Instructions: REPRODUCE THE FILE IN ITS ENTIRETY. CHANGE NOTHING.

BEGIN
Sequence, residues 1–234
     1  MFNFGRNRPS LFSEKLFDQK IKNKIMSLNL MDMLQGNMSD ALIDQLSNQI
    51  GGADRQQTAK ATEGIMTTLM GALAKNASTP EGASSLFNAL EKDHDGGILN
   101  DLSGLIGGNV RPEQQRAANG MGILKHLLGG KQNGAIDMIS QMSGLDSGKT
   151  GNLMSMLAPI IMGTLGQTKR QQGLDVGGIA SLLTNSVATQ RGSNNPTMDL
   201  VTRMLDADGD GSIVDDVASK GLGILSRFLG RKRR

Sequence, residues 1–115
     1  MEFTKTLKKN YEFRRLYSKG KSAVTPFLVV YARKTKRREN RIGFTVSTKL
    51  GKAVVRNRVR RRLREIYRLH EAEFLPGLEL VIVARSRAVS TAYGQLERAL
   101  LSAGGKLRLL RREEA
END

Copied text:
Sequence, residues 1–234
     1  MFNFGRNRPS LFSEKLFDQK IKNKIMSLNL MDMLQGNMSD ALIDQLSNQI
    51  GGADRQQTAK ATEGIMTTLM GALAKNASTP EGASSLFNAL EKDHDGGILN
   101  DLSGLIGGNV RPEQQRAANG MGILKHLLGG KQNGAIDMIS QMSGLDSGKT
   151  GNLMSMLAPI IMGTLGQTKR QQGLDVGGIA SLLTNSVATQ RGSNNPTMDL
   201  VTRMLDADGD GSIVDDVASK GLGILSRFLG RKRR

Sequence, residues 1–115
     1  MEFTKTLKKN YEFRRLYSKG KSAVTPFLVV YARKTKRREN RIGFTVSTKL
    51  GKAVVRNRVR RRLREIYRLH EAEFLPGLEL VIVARSRAVS TAYGQLERAL
   101  LSAGGKLRLL RREEA